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Since Colorado State University started doing tropical outlooks over 30 years ago, it seems like just about everyone has a prediction now. This blog offers a summary of legitimate predictions from a variety of sources.

The National Oceanic and Atmospheric Administration (NOAA) predicts 13-20 named storms in the Atlantic Basin in 2013. In fact, they say there is a 70% chance of that many storms.

Ironically, Colorado State will not issue their outlook until June 3. Hmmm...they used to be the first to issue outlooks, now they're the last.

Tropical Storm Risk, Inc. (TSR) says they believe there will be 15 named storms.

The UK Met Office (UKMET) predicts 14 named storms.

The Weather Channel (TWC) and their partner WSI predict 16 storms.

The Instituto de Meterologia de la Republica de Cuba (INSMET) outlooks 17 storms. Cuban tropical meteorologists have long been among the best in the world.

Penn State University (PSU), which operates one of the largest and most respected educational programs in meteorological studies, predicts 16 storms.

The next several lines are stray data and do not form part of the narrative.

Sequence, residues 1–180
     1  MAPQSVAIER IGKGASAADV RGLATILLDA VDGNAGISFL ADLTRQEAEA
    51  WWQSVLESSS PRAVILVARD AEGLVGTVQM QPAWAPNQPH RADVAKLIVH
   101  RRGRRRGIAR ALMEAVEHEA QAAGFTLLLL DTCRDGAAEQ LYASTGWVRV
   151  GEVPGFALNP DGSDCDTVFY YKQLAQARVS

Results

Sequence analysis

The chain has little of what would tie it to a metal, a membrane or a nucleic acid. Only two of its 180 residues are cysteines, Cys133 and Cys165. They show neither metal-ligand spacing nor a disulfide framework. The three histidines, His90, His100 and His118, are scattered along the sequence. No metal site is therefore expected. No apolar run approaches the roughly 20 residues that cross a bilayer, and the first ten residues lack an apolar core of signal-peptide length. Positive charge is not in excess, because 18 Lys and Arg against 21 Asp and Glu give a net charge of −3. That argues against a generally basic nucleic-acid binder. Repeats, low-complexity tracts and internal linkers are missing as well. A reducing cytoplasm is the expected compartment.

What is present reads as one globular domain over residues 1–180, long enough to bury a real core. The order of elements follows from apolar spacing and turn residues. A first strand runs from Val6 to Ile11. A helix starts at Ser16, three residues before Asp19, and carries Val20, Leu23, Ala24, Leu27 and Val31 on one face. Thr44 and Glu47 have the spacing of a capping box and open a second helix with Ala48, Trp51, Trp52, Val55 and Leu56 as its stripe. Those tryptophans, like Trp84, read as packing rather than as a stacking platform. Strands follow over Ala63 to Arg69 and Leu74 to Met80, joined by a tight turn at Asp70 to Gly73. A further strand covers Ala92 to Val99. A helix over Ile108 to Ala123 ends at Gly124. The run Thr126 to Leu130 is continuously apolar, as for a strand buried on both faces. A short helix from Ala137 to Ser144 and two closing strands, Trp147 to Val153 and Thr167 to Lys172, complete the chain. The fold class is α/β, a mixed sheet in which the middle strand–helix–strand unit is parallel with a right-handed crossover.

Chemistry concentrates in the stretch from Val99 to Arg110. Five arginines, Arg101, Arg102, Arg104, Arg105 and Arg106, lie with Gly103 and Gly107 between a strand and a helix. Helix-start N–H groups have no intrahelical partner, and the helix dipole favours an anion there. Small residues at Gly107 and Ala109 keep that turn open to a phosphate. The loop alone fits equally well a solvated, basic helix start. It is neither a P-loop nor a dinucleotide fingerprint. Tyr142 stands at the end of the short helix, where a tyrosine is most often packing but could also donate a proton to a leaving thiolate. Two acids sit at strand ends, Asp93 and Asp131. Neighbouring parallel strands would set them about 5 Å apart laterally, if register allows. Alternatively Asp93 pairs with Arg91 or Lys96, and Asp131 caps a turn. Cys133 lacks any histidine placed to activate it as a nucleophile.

AccuWeather, one of the nation's largest private meteorological services providers, follows nearby Penn State with predicting 16 storms.

The WeatherUnderground community, a popular online destination for weather information, predicts 17 named storms.

And...finally...KALB's First Alert Weather Team predicts 18 named storms.

The long-term average is 11 named storms, so all involved say it will be a busy season. The major reasons for the active predictions are warmer than normal water temperatures in much of the Atlantic Basin, a neutral El Nino/La Nina cycle, and the persistence of the Atlantic Multidecadal Oscillation (AMO) cycle. Stay tuned...only time will tell for sure!

Tom Konvicka

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